The University of Hertfordshire was established as an independent Higher Education Corporation in 1989 under the terms of the Education Reform Act (1989). The institution is an exempt charity. The board of governors has responsibility for running the university, while the academic board is responsible for academic quality and standards, academic policies, research and scholarship. The vice-chancellor oversees its day-to-day running. The current chancellor is Robert Gascoyne-Cecil and the current vice-chancellor is Quintin McKellar.
The university runs on a three-term calendar in which the academic year is divided into three terms: Autumn (September–December), Spring (January–April), and Summer(April–May). Full-time undergraduate students take three to four courses every year for approximately eleven weeks before their quarterly academic breaks. The school year typically begins in late September and ends in mid-May.
The University offers over 800 undergraduate, postgraduate, CPD, online distance learning and short courses  in its 11 schools of study, within which there are around 50 academic departments and 24 research centres.
- Hertfordshire Business School
- Computer Science
- Creative Arts
- Engineering and Technology
- Health and Social Work
- Life and Medical Sciences
- Physics, Astronomy and Mathematics
- Hertfordshire Higher Education Consortium
The university is primarily based on two campuses, College Lane and de Havilland. It owns a BioPark facility, a science park managed by Exemplas on behalf of the University. It also provides 6,000 square metres of laboratory and office space to life science and health technology businesses. As of 2014, there are currently 27 permanent and virtual tenants.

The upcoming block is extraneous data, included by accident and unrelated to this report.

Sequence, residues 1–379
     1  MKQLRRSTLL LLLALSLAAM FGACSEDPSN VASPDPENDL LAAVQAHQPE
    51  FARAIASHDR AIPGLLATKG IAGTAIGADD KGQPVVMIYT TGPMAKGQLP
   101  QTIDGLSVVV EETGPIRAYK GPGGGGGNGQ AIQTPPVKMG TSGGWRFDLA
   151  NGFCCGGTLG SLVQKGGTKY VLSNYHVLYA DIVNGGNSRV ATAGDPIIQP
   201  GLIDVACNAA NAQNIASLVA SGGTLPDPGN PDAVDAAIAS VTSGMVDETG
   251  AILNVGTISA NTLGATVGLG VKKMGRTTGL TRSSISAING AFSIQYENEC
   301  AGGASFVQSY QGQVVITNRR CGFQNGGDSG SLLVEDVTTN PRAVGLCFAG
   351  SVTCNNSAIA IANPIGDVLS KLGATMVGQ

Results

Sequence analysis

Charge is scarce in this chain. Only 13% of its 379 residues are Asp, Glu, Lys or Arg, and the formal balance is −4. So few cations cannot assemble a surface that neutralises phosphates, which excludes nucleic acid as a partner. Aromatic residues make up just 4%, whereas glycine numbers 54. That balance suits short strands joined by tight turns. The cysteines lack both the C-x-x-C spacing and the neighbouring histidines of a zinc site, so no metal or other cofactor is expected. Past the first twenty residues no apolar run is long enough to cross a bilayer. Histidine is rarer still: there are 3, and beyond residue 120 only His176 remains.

College Lane Campus
The main site of the university remains the College Lane campus, which houses the original Hatfield Technical College building. Notable among the buildings in this campus is the university's Learning Resource Centre, a combined library and computer centre. There is also a substantial collection of halls of residence and student houses, and the University of Hertfordshire Students' Union is headquartered at College Lane campus. The College Lane campus is also the location of Hertfordshire International College, which is part of the Navitas group, providing a direct pathway for international students to the University. The Hertfordshire Intensive Care & Emergency Simulation Centre is also located at College Lane.
de Havilland Campus
The £120-million de Havilland campus opened in September 2003 and is situated within 15 minutes walk of College Lane, and is built on a former British Aerospace site. This campus also houses its own Learning Resource Centre, a combined library and computer centre. Hertfordshire Sports Village which includes a gym, swimming pool, squash courts is also on this site.
A third 50-hectare site in Bayfordbury houses the university's astronomical and atmospheric physics remote sensing observatory, Regional Science Learning Centre, field stations for biology and geography programmes.
Home to some Schools within the Health and Human Faculty, this building is located on the edge of Hatfield town centre, off College Lane campus. Meridian House is the location of eight clinical skills laboratories for nursing and midwifery programmes of the University. Skills facilities and ambulances for paramedic training are also situated at Meridian House, aside from counselling programme and staff offices.
Learning Resource Centre at de Havilland